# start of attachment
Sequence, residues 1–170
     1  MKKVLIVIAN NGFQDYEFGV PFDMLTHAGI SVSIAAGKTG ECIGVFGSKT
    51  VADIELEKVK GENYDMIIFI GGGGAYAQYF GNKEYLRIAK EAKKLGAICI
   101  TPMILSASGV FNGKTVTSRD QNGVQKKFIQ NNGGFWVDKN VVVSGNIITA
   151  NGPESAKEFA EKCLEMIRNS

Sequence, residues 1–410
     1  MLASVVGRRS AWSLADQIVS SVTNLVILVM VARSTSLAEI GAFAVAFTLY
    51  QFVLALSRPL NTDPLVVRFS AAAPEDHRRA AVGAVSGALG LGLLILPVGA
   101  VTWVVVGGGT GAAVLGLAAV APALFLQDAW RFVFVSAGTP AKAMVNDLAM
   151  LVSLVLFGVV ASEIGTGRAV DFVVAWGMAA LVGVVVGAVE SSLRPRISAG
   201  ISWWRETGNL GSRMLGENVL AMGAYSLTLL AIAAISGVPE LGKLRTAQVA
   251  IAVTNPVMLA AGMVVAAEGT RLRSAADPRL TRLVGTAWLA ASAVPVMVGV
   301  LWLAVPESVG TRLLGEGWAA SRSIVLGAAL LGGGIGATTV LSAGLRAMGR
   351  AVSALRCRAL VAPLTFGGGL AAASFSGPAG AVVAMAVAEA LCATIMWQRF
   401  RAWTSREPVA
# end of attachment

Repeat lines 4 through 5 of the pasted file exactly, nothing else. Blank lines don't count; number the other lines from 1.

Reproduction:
   101  TPMILSASGV FNGKTVTSRD QNGVQKKFIQ NNGGFWVDKN VVVSGNIITA
   151  NGPESAKEFA EKCLEMIRNS